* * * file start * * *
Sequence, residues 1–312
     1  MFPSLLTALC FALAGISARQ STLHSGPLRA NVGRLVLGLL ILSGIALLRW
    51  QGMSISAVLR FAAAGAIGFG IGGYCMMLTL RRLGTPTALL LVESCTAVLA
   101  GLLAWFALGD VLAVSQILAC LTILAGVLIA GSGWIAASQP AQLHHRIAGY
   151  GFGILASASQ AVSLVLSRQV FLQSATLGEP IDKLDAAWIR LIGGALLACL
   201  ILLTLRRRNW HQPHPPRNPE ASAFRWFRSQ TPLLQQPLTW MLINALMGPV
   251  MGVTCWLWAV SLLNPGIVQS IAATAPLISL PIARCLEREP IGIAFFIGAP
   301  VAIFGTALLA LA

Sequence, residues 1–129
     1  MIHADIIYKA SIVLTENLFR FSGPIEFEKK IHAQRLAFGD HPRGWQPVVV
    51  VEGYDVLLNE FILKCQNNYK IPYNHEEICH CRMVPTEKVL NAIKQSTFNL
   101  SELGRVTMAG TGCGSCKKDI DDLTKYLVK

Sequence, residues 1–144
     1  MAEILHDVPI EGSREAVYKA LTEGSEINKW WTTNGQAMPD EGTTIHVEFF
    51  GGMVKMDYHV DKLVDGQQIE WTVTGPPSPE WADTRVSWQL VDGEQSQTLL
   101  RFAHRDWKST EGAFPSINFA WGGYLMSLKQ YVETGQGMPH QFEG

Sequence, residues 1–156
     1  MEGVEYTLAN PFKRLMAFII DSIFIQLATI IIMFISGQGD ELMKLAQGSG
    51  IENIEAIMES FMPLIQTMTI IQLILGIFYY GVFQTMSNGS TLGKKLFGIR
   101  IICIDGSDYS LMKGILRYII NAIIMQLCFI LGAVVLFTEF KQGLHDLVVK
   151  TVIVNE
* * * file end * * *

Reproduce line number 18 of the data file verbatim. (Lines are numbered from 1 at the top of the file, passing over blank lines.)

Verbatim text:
     1  MEGVEYTLAN PFKRLMAFII DSIFIQLATI IIMFISGQGD ELMKLAQGSG